Where To Stay

In Hong Kong, you can find just about any hotel you want, and surprising bargains can be found. That being said, the city's luxury hotel game is hard to beat. In fact, it's home to the utterly opulent and always-buzzing original Mandarin-Oriental as well as nearly every other luxury brand on earth. That includes newcomers like The Upper House and The Kerry Hotel. Extended-stay properties and serviced apartments are also an option, and the National Hotels group, with four properties in Sheung Wan, has a lovely collection of posh, view-heavy properties (like The Jervois). Though tourists visit Hong Kong year-round, deals can often be found during the winter and summer. Try to avoid major holidays such as Chinese New Year (taking place during January or February depending on the year) as well as Golden Week (a major time for mainland Chinese to visit Hong Kong). Crowds will be huge and hotel prices skyrocket. Fall may be the best time of year to visit, when the weather is warm and comfortable. Summers are hot and humid -- to say the least.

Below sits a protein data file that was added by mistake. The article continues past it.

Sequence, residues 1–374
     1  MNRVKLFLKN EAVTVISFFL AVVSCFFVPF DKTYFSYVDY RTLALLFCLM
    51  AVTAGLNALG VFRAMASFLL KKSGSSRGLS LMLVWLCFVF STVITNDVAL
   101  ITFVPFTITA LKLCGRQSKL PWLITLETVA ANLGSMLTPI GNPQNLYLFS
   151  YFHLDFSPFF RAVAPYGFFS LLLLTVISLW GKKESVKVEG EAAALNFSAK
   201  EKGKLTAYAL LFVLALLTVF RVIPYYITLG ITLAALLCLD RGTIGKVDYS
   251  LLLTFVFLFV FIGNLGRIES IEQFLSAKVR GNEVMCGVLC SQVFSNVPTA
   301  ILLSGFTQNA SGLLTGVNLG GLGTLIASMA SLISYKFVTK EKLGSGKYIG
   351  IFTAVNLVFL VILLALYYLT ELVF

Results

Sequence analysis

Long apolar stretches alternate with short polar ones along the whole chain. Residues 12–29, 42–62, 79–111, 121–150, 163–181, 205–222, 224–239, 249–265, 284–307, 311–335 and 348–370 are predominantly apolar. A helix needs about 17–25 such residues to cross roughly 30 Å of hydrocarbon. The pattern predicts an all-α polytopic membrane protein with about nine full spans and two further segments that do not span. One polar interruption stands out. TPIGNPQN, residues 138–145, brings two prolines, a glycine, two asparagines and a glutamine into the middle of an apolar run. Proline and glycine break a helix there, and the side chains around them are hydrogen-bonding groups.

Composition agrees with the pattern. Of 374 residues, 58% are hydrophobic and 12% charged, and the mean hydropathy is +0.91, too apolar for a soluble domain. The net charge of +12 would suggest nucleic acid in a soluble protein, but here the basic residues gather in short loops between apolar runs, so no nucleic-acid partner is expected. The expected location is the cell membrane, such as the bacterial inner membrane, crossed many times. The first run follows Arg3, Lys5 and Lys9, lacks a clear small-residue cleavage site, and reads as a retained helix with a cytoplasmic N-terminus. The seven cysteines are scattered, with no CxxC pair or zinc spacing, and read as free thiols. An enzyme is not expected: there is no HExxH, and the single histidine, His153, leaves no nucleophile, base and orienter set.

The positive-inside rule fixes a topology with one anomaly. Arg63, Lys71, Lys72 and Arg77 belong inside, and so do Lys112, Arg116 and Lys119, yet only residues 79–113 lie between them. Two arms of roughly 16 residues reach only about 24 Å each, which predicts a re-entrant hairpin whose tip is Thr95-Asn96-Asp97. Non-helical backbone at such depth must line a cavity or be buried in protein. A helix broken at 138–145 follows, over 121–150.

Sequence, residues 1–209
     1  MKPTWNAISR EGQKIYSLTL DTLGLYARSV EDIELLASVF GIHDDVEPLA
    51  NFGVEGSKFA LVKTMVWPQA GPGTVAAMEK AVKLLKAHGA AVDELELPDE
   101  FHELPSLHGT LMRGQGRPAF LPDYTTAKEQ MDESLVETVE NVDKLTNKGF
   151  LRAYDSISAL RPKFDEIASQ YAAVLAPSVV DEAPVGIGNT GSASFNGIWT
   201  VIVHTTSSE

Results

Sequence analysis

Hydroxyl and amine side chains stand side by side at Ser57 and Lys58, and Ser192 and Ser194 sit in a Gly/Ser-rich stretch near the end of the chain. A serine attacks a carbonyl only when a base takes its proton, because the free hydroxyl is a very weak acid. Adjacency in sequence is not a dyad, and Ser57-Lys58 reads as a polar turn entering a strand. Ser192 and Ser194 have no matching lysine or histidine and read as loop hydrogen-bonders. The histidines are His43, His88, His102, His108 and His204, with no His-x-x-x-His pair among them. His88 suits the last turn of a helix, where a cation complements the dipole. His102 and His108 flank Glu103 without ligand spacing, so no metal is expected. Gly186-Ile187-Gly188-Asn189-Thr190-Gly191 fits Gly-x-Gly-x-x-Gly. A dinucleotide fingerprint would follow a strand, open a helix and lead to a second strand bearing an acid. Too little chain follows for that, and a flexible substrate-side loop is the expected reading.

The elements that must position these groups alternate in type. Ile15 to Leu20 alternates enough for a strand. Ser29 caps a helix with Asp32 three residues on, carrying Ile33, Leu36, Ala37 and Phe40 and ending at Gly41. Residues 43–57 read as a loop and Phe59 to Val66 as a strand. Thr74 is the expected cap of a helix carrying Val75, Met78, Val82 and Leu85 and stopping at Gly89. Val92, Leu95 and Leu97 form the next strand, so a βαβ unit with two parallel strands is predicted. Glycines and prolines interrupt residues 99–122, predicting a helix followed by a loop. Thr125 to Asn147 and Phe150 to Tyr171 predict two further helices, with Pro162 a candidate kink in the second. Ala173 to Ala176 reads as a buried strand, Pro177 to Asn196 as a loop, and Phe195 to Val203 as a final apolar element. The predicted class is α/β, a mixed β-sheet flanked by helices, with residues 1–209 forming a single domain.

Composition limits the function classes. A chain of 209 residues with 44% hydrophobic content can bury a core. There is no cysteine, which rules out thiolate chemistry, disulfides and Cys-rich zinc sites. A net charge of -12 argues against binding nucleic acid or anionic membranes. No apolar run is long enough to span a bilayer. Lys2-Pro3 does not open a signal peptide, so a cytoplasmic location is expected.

If you're looking to have access to the city's trendy ex-pat-friendly shops and restaurants, bed down anywhere from Sheung Wan to Central. Here, you'll be close to many of the city's art galleries, corporate headquarters, shopping, and the trails of Victoria Peak up above. You'll also be near the MTR no matter where you sleep in this part of town. If you want to be immersed in the city's most traditionally Cantonese side, Tsim Sha Tsui, Yau Ma Tei, and Mong Kok are where to stay. Keep in mind that the MTR is ever expanding, and you'll be rewarded with lower rates by opting for properties near Whampoa and Hong Hum stations. Just remember that the MTR doesn't run 24/7 and you'll have to rely on taxis in the overnight hours. Also note that the bulk of the city's nightlife is around Central and Causeway Bay. If that's your thing, you should definitely sleep on Hong Kong Island to avoid expensive harbor crossings.